If there is a definition for "instant rapport" it is Jeanette and me. She was the Tom Sawyer to my Huck Finn. Her mom was a stay-at-home-and-watch-your-every-move type and my parents couldn't even correctly guess my age (this is true - the dry cleaner guy asked my mom how old I was and she got it wrong). I always wanted to go on adventures, build reed forts by the railroad tracks, explore the woods, etc. We would get away when we could, but her mom grounded her a lot. I don't think she trusted me. I mean I get it now. I was the kid that was barefoot from April to October that the other kids would say "But mom, she's barefoot!" That didn't fly with Jeanette's mom. Her idea of barefoot season was from the day school let out until the day school started back.
When school did start back, Jeanette had to take the bus to the junior high. Kim and I walked to the elementary school together and got to spend some time together at recess. Every afternoon, like a puppy, I was waiting by the store for Jeanette's bus. We had so much fun together. You know that rib-hurting laughing? That's when I first experienced that. We laughed A LOT. Jeanette got grounded quite often which irritated me to no end, but I could go to her house. They had cool stuff over there like a unicycle and stilts. We were a regular Cirque de Soleil. Also we were into cartwheels, cheers and all the regular stuff for girls of that age. Oh. and Barbies. We were Barbie freaks. I must have had about 8 Barbies and skippers, some Kens and 2 G.I. Joes. We had an entire soap opera of Barbie life running all the time.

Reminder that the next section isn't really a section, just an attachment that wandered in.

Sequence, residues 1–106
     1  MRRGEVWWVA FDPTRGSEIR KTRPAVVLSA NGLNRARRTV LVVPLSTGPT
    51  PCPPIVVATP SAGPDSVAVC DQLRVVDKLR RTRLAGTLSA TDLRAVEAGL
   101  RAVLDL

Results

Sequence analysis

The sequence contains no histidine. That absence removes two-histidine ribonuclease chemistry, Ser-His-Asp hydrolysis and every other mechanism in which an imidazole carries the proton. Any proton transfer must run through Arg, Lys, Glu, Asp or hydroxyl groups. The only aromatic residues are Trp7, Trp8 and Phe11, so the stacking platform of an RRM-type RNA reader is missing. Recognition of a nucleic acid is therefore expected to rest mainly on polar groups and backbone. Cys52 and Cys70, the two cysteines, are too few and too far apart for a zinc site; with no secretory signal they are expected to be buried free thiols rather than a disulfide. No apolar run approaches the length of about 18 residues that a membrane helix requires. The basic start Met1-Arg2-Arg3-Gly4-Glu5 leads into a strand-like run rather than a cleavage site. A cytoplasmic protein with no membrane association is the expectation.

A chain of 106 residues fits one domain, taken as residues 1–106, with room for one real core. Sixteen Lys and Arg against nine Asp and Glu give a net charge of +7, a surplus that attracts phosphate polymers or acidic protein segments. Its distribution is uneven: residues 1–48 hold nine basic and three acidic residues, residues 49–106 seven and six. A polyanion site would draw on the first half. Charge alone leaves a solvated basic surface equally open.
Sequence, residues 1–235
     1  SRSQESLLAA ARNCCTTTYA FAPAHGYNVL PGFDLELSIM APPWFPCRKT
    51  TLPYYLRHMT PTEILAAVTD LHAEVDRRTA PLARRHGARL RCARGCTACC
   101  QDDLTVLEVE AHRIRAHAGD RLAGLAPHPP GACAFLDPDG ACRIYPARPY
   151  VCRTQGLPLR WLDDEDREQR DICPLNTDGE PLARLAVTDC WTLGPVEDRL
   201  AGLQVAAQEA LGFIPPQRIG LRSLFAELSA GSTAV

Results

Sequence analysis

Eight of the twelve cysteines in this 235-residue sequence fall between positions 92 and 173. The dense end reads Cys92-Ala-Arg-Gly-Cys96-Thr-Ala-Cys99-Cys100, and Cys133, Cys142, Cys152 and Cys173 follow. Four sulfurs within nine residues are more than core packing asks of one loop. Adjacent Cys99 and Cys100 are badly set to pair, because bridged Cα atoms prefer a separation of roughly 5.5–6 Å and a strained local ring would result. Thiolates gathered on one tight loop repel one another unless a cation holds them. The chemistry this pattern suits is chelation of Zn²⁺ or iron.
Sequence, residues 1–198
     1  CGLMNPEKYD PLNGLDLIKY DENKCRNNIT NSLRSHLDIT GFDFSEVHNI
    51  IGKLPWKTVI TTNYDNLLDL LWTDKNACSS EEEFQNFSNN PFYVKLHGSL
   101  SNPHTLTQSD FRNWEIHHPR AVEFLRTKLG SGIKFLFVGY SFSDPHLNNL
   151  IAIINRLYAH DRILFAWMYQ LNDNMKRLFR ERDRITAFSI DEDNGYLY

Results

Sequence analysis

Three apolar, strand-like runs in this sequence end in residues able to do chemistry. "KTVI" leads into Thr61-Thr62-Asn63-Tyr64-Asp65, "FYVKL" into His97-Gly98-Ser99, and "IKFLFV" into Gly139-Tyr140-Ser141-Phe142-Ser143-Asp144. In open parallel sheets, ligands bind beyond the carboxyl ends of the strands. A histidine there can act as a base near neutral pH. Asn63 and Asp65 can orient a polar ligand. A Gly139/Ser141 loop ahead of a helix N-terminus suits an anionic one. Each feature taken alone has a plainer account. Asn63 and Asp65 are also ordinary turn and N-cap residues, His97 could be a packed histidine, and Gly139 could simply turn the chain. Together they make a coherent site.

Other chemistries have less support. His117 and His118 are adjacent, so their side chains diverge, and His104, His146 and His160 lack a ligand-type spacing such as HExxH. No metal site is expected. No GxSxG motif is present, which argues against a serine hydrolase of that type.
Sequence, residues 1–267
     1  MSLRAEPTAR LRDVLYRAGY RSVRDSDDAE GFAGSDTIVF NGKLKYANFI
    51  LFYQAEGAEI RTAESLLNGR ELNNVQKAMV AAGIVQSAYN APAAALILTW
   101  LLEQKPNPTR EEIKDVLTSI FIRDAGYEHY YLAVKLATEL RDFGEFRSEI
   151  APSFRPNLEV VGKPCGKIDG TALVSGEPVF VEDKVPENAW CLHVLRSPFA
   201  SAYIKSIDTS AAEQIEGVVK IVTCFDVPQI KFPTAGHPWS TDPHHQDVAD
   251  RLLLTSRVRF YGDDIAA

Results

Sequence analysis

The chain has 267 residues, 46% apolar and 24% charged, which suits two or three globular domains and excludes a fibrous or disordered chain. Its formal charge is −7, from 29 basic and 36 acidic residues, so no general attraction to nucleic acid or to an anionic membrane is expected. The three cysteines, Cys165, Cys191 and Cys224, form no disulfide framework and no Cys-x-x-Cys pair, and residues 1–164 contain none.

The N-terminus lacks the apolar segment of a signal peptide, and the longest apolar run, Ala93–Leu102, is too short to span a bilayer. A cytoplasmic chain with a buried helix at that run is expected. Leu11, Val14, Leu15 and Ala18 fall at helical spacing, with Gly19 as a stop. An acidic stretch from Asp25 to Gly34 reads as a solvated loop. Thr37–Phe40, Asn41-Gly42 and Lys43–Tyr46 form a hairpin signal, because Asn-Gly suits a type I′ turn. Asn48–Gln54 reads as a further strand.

The summer after 6th grade, Jeanette's parents finally agreed to let her go to the beach with us for a week, but that is another story. At the beginning of 7th grade my Dad was looking into a new job opportunity. He had worked for a tobacco company all my life and was trying to get a job as an insurance salesman. He was working a night shift at the time. I remember walking into the living room one afternoon and asking, "Dad how's that job thing going?" He was kinda slumped over and said, "They're not going to hire me. I'm too old." He was 37. And they did hire him. The job was in Durham N.C. and I had lived in Goldsboro my whole 12 years. I was kinda freaked out but also excited. Jeanette came over on my very last day. The house was emptied out, my parents were ready to go. I walked Jeanette to my backyard (we had a shortcut). We had said goodbye a million times already. Finally I ran after her, threw my arms around her and said, "I love you!" Then we jumped apart and screamed simultaneously, "I'm not a lesbian!" and took off running in opposite directions. I got in the car and we headed to Durham and I think I cried the whole way.